NFC West draft grades: Another Seattle surprise; Rams get risky

Print analysts Chad Reuter and Bucky Brooks are handing out grades for every team following the 2012 NFL Draft. Click the team name to see each team's entire class.

Arizona Cardinals: B

Draft Grades & Team Holes analysts Bucky Brooks and Chad Reuter graded the draft classes for each team from the 2012 NFL Draft, and analyst Elliot Harrison addressed what holes remain.

NFC East: 2012 Draft Grades | Remaining Holes
AFC East: 2012 Draft Grades | Remaining Holes
NFC North: 2012 Draft Grades | Remaining Holes
AFC North: 2012 Draft Grades | Remaining Holes
NFC South: 2012 Draft Grades | Remaining Holes
AFC South: 2012 Draft Grades | Remaining Holes
NFC West: 2012 Draft Grades | Remaining Holes
AFC West: 2012 Draft Grades | Remaining Holes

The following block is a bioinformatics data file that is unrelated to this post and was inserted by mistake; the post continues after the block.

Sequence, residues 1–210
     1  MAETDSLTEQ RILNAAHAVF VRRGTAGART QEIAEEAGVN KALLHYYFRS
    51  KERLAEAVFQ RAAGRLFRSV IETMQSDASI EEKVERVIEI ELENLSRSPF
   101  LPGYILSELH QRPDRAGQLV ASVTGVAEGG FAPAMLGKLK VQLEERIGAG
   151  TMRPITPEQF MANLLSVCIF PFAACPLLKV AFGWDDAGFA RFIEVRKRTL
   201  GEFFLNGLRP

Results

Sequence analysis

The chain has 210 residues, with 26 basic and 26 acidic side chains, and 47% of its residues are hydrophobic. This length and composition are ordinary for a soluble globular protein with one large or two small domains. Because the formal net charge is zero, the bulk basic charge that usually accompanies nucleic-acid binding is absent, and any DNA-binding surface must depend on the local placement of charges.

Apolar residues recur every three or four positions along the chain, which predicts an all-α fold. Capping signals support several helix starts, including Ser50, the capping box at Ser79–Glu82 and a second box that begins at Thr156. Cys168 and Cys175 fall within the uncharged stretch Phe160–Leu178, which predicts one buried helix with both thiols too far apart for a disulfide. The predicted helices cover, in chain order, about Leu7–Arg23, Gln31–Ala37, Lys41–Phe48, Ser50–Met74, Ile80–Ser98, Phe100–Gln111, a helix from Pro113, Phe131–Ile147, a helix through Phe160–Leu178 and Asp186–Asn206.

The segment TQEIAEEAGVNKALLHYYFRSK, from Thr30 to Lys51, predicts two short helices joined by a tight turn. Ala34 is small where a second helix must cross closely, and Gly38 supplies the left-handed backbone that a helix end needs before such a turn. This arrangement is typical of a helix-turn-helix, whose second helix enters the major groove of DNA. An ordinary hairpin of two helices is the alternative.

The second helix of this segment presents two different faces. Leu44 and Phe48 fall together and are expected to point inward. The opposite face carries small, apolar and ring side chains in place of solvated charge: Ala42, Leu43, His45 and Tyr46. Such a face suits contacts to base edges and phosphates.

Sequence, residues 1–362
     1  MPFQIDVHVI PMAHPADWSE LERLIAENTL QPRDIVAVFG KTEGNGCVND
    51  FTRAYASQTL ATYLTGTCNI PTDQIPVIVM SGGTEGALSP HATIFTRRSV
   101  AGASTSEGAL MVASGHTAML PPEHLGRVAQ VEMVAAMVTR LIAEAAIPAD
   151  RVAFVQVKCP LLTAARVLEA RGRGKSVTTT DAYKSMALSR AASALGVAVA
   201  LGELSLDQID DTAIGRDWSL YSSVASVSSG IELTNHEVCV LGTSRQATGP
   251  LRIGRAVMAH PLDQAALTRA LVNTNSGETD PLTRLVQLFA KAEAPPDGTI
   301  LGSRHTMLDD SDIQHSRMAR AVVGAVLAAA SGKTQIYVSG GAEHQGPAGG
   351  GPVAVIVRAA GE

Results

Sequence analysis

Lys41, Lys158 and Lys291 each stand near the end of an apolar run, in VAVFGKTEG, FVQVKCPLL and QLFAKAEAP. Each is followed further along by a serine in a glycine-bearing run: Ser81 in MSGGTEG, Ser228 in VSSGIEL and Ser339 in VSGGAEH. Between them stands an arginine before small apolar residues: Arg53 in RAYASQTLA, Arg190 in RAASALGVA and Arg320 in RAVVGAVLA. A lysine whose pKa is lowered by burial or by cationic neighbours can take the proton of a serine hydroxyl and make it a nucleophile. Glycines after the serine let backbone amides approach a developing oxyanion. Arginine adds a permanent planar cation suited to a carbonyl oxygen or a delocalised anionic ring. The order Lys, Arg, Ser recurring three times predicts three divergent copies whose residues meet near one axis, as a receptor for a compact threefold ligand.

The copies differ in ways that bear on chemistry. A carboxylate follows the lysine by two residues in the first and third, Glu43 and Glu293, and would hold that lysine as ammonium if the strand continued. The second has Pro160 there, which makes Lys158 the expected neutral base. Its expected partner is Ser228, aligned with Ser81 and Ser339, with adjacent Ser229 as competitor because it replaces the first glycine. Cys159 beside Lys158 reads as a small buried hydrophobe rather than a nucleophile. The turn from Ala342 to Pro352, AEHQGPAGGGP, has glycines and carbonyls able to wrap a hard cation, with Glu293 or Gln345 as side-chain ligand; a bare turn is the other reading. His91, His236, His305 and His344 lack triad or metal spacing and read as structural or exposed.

Coming off an 8-8 season with a strong finish (7-2), the Cardinals hope this new draft class can help them get off to a better start in 2012. They bolstered their offensive line with three picks of excellent value, found another weapon for the passing game, as well as a potential starting cornerback. They did not address the need for a pass rusher, though, so recent fourth-round picks O'Brien Schofield and Sam Acho better get after the quarterback if the defense is to hold up its end of the bargain.

Best pick: Michael Floyd, WR, Notre Dame (Round 1, 13th overall pick).
Pairing Floyd with Larry Fitzgerald was a no-brainer. Though maybe not in Fitzgerald's class in terms of his hands, the two-time Irish MVP has the size and physicality to take advantage of defenses rolling to his Pro Bowl teammate's side.